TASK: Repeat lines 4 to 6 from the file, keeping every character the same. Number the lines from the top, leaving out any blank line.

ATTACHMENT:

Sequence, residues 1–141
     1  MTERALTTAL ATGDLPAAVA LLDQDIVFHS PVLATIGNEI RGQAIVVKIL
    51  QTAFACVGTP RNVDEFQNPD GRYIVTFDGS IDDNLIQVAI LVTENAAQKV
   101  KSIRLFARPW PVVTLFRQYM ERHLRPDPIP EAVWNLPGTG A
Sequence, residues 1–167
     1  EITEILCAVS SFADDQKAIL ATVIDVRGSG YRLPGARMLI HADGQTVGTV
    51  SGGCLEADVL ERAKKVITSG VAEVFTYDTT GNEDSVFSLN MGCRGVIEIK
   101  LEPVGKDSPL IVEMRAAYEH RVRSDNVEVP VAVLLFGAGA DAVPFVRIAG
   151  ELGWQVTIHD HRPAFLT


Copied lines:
   101  KSIRLFARPW PVVTLFRQYM ERHLRPDPIP EAVWNLPGTG A
Sequence, residues 1–167
     1  EITEILCAVS SFADDQKAIL ATVIDVRGSG YRLPGARMLI HADGQTVGTV